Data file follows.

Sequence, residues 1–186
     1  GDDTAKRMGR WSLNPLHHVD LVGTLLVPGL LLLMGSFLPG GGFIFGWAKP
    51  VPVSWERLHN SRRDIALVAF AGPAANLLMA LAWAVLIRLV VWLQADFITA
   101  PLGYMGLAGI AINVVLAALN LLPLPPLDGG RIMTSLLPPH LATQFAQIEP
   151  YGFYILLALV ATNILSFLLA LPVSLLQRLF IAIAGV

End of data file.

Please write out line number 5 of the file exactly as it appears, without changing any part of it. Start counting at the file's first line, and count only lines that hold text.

   151  YGFYILLALV ATNILSFLLA LPVSLLQRLF IAIAGV